by Helena Demuynck, Transformation Guide for Conscious Women Leaders
We’ve all been there – finishing a big project at work and immediately brushing off the praise with thoughts like “They have no idea how close I came to messing this up.” That unpleasant tickle of self-doubt that tells us we really are just winging it and hoping not to get “found out.” It’s commonly known as imposter syndrome, and it plagues even the most capable of leaders. But what if it’s actually our perception, not our abilities, that needs adjusting? Here are some insights on reframing those feelings of being a fraud.
It’s easy to beat ourselves up for every small mistake or overlook every accomplishment large or small. But this perfectionist tendency warps our self-image. We’re often our own harshest critics, focusing solely on flaws while discounting genuine progress and skill. The truth is we’re all works in progress – and that’s okay. Recognizing our own unrealistic standards can help balance out that overly critical inner voice.
Allies, not Imposters
Feeling like a fraud says more about outdated cultural conditioning than it does about our true strengths or sense of belonging. From a young age, we are taught to seek validation from external measures of success, rather than embracing our own self-acceptance. However, it’s important to remember that our worth cannot be defined by any job title or the praise of others. It is an intrinsic quality that comes from within, rooted in our unique experiences, values, and personal growth. By reframing doubts as normal human experiences, rather than personal indictments, we can alleviate the imposter sting and cultivate a deeper sense of self-confidence and authenticity.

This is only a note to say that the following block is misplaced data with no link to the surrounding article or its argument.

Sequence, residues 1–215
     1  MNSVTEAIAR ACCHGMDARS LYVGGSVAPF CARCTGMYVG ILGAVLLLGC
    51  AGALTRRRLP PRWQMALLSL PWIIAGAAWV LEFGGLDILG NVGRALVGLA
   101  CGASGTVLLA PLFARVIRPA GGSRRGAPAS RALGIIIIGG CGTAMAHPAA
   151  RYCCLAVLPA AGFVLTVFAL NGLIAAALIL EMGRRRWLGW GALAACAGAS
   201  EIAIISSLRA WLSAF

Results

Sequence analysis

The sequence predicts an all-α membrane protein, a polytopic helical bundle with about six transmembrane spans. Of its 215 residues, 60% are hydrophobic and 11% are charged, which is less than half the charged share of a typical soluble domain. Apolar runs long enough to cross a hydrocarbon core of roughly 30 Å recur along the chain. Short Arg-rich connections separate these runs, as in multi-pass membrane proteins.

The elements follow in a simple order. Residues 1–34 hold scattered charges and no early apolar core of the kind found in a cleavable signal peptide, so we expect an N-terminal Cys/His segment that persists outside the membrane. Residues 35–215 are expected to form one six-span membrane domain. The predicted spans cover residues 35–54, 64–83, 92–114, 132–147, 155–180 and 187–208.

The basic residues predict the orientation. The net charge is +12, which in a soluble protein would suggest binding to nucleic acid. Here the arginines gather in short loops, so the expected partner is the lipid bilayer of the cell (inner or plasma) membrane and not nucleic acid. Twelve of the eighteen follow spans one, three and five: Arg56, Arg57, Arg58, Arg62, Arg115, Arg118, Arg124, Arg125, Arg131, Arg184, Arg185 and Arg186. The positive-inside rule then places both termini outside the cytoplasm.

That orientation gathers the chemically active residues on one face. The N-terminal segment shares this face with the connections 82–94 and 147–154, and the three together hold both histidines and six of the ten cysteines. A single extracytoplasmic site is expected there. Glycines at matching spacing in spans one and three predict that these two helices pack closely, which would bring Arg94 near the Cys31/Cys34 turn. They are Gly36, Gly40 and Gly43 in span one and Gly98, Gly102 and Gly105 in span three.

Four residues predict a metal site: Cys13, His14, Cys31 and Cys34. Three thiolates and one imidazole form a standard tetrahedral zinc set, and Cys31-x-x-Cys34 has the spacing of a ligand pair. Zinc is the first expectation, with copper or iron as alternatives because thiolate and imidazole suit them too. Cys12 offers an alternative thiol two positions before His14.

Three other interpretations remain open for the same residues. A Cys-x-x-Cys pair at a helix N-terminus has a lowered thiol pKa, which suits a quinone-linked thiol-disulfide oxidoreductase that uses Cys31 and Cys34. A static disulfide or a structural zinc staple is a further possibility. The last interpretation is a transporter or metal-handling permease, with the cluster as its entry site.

Frameworks, not Failures
Minor setbacks are inevitable in any journey, yet we often tend to catastrophize them, magnifying them as disastrous failures. This mindset frames us as perpetual failures-in-waiting, hindering our growth and progress. However, a more constructive approach involves viewing these inevitable bumps in the road not as personal defects, but rather as valuable opportunities to assess our current situation, adjust our frameworks through a clearer prism, adapt our strategies, and ultimately emerge stronger and more resilient. It is important to remember that there is no such thing as failure, but rather a collection of lessons and feedback that serve to make our next steps even surer and more informed. Embrace setbacks as stepping stones to growth and development, and let them propel you towards a brighter and more successful future.
The Power of Presence
When those sneaky imposter thoughts start to creep in, it’s crucial to be fully present and take back control from the insidious whispers of self-doubt. One effective way to do this is by focusing on our breath, observing passing thoughts without getting attached to them, and treating ourselves with the same compassion we would offer to a distressed friend. In these moments, we are reminded of our shared humanity and the fact that uncertainty is a universal experience.
Embracing this shared imperfect journey, we can find our place at the table and own it with confidence. By recognizing that our perceptions are not always facts and prioritizing compassion over perfectionism, we strike at the core of imposter syndrome. We belong just as much as anyone else, flaws and all.
The ultimate dream is to love and accept ourselves as completely as we love and accept others on both their good days and bad. It’s a continuous process, but by embracing this mindset, we can cultivate a sense of self-worth and overcome the imposter within us.